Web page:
EGU2020-19579
https://doi.org/10.5194/egusphere-egu2020-19579
EGU General Assembly 2020
© Author(s) 2020. This work is distributed under
the Creative Commons Attribution 4.0 License.

Investigating mantle melting temperatures on Earth, Mars and the Moon using Al-in-olivine thermometry

Eleanor Jennings1,2, Iris Buisman3, and Peter Coull2
Eleanor Jennings et al.
  • 1Birkbeck, University of London, Department of Earth and Planetary Sciences, London, UK (e.jennings@bbk.ac.uk)
  • 2Centre for Planetary Sciences, UCL/Birkbeck, London, UK
  • 3Department of Earth Sciences, University of Cambridge, UK

Al-in-olivine thermometry, based upon the temperature-dependent solubility of Al in the olivine crystal structure [1], has become a widely adopted method to investigate the crystallisation temperatures of primitive mantle melts on Earth [2]. The thermometer is calibrated using the Al contents of co-existing olivine and spinel: these phases are on or near the liquidus of primitive magmas, so the thermometer should access liquidus temperatures of mantle melts, thereby constraining the minimum mantle melting temperature. CFB-associated primitive melts have average olivine crystallisation temperatures well in excess of MORB, and back-calculation to the potential temperature of their mantle source regions suggests mantle thermal anomalies of several hundred degrees [3].

Whilst mantle thermal anomalies are moderately well-understood on Earth, relatively little is known about the melting conditions in the mantles of the Moon and Mars that led to the production of Maria basalts and Martian surface basalts and associated volcanic activity. Several samples returned from the Moon and basaltic meteorites from Mars (shergottites) are primitive and rich in both olivine and spinel, so would appear ideal samples for the application of Al-in-olivine thermometry to unravel their respective mantle melting conditions and, more generally, the thermal structures of those planetary interiors. In this study, we present preliminary investigations into a) five Apollo 12 primitive lunar basalts, and b) two olivine-phyric shergottites. We find that pervasive shock features make the trace Al concentrations of shergottitic olivines difficult to use, because high Al concentrations are associated with a fine micron to sub-micron network of K-rich melt veins, suggestive of fluid-mediated melt transport. On the other hand, olivine phenocrysts in all five lunar samples yield clear trends in Al contents and are excellent targets for Al-in-olivine studies. We present preliminary thermal results, as well as a newly-calibrated set of relevant thermodynamic parameters needed for back-calculating lunar melting temperatures. A fully quantitative assessment of lunar maria liquidus temperatures is, however, currently hampered by the limited calibration range of the Al-in-olivine thermometer and the unconstrained effect of high spinel TiO2 contents on the results.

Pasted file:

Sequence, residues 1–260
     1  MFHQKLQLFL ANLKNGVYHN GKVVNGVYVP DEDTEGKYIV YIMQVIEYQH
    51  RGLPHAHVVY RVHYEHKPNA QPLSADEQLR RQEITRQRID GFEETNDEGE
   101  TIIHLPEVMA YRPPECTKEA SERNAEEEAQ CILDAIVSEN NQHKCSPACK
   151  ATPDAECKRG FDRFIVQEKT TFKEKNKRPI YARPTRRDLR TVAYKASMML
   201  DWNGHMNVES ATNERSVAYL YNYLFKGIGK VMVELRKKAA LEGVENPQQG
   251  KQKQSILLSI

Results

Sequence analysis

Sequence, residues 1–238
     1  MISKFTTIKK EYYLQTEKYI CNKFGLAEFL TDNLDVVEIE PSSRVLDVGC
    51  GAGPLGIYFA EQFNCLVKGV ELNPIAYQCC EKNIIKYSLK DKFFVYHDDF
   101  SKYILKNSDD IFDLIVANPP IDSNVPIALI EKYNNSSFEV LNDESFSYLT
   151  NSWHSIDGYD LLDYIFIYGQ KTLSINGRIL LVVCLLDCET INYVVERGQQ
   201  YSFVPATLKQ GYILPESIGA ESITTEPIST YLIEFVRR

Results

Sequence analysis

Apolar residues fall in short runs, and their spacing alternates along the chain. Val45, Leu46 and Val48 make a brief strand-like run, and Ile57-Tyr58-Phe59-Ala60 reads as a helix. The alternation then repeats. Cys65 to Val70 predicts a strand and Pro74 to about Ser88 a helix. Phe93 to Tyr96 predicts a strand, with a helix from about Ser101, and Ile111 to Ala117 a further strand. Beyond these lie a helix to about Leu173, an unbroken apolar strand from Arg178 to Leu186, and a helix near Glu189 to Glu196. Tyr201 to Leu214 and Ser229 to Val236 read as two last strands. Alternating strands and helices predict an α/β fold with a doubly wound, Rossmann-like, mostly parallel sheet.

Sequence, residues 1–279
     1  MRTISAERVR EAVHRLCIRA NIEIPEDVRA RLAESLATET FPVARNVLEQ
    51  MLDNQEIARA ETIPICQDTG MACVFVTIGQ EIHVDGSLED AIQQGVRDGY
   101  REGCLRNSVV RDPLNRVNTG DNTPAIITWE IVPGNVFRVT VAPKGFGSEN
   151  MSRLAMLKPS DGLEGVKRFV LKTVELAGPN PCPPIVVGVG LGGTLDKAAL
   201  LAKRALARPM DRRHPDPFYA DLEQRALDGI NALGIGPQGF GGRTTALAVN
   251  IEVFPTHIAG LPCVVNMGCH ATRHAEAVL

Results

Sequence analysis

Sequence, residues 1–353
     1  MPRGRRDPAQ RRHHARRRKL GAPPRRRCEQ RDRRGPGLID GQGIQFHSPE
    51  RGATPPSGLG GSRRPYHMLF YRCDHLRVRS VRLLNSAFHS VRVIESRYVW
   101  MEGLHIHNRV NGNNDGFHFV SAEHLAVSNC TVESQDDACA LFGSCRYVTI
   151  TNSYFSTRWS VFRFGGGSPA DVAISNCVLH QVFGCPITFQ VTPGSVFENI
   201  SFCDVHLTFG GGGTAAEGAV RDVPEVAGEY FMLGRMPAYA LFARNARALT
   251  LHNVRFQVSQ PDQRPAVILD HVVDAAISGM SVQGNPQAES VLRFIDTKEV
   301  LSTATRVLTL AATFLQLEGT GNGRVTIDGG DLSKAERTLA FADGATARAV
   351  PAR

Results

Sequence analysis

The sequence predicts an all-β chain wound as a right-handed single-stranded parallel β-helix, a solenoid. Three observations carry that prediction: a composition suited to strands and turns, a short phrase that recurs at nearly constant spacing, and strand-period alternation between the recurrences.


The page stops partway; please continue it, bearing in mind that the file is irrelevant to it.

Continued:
[1] Coogan, L. A., Saunders, A. D. & Wilson, R. N. Chem. Geol. 368, 1–10 (2014).

[2] Trela, J. et al. Nat. Geosci. 10, 451–456 (2017).

[3] Jennings, E. S., Gibson, S. A. & Maclennan, J. Chem. Geol. 529, 119287 (2019).

How to cite: Jennings, E., Buisman, I., and Coull, P.: Investigating mantle melting temperatures on Earth, Mars and the Moon using Al-in-olivine thermometry, EGU General Assembly 2020, Online, 4–8 May 2020, EGU2020-19579, https://doi.org/10.5194/egusphere-egu2020-19579, 2020

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